After thorough assessment and long-term safety testing, the FDA regulates and approves sugar replacements for sale as food additives.

On the basis of scientific facts and evidence, the FDA occasionally approves sugar replacements or artificial sweeteners as “generally recognised as safe” (GRAS).  

The FDA also establishes very low standards for “acceptable daily intake” (ADI) for each sugar alternative.  

All FDA-approved sweeteners are regarded as safe and suitable substitutes for using sugar. The permitted amount of sweetness and the permitted items are governed by law.


Some people may find short-term relief from their sugar cravings and weight management with the help of artificial sweeteners. Sugar substitutes are generally safe for healthy adults.

However, be mindful of how sugar substitutes impact the foods and beverages chosen. These ingredients may get the tastebuds used to sweetness.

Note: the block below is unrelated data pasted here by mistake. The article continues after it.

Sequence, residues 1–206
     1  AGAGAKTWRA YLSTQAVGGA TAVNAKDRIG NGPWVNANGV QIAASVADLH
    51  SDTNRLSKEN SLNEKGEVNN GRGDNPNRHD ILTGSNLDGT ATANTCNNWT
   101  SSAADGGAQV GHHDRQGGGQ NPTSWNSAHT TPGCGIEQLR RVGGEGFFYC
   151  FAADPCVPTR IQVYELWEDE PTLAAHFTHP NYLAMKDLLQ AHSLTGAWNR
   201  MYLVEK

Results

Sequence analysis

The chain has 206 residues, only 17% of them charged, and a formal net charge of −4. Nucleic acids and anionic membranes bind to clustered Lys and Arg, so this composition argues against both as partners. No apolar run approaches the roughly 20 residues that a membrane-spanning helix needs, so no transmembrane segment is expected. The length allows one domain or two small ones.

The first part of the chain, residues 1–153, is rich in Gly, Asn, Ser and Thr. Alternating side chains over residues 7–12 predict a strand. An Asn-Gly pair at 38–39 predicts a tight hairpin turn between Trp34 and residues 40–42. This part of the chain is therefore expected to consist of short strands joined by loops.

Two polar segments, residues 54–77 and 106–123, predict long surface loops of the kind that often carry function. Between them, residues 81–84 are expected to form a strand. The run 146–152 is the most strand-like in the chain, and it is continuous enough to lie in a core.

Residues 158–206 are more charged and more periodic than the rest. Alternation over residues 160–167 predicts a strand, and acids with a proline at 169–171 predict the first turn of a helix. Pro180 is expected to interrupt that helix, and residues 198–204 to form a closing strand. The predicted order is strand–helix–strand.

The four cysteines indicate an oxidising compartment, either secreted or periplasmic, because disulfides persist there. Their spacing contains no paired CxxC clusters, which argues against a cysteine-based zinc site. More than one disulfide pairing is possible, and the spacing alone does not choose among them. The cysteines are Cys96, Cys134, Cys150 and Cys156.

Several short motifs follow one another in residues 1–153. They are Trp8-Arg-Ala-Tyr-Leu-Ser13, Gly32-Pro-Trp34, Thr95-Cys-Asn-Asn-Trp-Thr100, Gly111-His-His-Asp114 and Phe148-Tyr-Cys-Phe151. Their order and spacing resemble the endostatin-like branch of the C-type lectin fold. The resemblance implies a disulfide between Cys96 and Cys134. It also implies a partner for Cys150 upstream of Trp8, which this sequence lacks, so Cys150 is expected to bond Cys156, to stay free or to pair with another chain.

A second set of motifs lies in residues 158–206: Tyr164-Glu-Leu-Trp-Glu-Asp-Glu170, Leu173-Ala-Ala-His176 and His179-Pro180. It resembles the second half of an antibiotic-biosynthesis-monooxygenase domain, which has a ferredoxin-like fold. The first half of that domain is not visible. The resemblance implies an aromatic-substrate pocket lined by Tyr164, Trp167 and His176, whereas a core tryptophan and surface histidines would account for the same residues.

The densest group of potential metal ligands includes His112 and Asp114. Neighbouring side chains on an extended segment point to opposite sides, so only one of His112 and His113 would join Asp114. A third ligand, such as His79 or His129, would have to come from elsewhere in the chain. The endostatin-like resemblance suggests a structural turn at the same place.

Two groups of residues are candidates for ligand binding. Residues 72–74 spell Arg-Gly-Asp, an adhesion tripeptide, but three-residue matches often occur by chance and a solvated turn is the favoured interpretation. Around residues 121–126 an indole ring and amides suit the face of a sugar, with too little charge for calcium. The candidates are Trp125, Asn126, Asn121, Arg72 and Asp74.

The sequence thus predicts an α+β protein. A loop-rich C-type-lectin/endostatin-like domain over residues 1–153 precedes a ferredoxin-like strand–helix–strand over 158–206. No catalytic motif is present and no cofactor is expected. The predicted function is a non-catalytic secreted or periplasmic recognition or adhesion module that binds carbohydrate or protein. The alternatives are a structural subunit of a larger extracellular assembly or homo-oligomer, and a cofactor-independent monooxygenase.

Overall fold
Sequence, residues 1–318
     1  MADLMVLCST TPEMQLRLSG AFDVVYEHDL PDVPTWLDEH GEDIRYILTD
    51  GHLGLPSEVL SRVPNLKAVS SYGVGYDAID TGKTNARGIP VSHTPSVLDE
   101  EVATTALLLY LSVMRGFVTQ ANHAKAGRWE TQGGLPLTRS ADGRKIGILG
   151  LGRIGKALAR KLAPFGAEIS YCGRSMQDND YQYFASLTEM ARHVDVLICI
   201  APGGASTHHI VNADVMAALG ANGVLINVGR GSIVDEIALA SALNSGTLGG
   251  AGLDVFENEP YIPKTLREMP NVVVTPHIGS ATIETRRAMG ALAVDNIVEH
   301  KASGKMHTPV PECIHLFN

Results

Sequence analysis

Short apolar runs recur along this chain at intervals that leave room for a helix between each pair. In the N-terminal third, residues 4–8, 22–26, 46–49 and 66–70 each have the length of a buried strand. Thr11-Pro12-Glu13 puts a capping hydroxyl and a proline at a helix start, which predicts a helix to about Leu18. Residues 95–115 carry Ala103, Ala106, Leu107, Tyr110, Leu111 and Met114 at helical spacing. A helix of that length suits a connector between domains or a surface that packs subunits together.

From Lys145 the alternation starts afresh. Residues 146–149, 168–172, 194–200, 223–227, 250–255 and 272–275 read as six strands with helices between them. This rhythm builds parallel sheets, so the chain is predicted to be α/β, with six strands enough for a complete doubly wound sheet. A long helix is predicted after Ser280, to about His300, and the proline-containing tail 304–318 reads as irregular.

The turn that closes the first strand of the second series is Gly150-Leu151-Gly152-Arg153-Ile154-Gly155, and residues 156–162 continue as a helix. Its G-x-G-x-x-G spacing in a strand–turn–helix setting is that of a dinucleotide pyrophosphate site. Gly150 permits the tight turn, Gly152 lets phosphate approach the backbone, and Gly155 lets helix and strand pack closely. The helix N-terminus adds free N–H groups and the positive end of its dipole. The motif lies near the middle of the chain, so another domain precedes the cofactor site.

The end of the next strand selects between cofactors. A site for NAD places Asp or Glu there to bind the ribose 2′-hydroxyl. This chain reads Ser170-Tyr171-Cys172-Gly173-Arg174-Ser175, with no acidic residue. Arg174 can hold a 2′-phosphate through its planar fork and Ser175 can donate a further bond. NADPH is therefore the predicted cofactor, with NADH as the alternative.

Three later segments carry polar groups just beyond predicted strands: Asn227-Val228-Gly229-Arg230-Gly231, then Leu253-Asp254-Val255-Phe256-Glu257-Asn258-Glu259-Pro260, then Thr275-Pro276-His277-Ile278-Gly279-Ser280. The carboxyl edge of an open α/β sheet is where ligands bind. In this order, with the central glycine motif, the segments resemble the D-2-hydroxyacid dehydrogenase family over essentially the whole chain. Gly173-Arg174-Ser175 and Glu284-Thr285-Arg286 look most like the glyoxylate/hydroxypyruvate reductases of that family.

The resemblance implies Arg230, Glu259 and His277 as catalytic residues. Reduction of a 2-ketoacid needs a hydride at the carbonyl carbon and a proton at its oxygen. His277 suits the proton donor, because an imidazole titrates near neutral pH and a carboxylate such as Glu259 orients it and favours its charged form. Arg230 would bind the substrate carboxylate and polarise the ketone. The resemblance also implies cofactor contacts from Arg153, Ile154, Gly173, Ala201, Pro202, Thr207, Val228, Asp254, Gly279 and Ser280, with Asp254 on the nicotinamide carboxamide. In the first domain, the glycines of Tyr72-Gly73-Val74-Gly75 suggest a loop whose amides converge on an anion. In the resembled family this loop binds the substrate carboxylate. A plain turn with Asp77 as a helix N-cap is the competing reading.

Whole foods, such as fruits and vegetables, usually have the best combination of nutrients for the body. Still, artificial sweeteners can help some people enjoy sweetness without excess calories, and when used in moderation, artificial sweeteners can be part of a healthy diet.  

Products made with sugar substitutes may also give us the wrong message about processed foods. A snack labelled low sugar or no sugar may not be the most nutritious choice.

So, using sugar substitutes in moderation or preferring natural foods, such as fruits, is advisable.


The Information including but not limited to text, graphics, images and other material contained on this blog are intended for education and awareness only. No material on this blog is intended to be a substitute for professional medical help including diagnosis or treatment. It is always advisable to consult medical professional before relying on the content. Neither the Author nor Star Health and Allied Insurance Co. Ltd accepts any responsibility for any potential risk to any visitor/reader.